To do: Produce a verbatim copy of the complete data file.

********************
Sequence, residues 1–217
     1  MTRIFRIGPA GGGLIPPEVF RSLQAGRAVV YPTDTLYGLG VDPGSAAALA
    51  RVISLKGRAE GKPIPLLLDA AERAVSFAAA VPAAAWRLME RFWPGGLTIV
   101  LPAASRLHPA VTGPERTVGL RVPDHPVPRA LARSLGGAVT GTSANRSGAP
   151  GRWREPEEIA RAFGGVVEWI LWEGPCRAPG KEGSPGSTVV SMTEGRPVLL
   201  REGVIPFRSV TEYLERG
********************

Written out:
Sequence, residues 1–217
     1  MTRIFRIGPA GGGLIPPEVF RSLQAGRAVV YPTDTLYGLG VDPGSAAALA
    51  RVISLKGRAE GKPIPLLLDA AERAVSFAAA VPAAAWRLME RFWPGGLTIV
   101  LPAASRLHPA VTGPERTVGL RVPDHPVPRA LARSLGGAVT GTSANRSGAP
   151  GRWREPEEIA RAFGGVVEWI LWEGPCRAPG KEGSPGSTVV SMTEGRPVLL
   201  REGVIPFRSV TEYLERG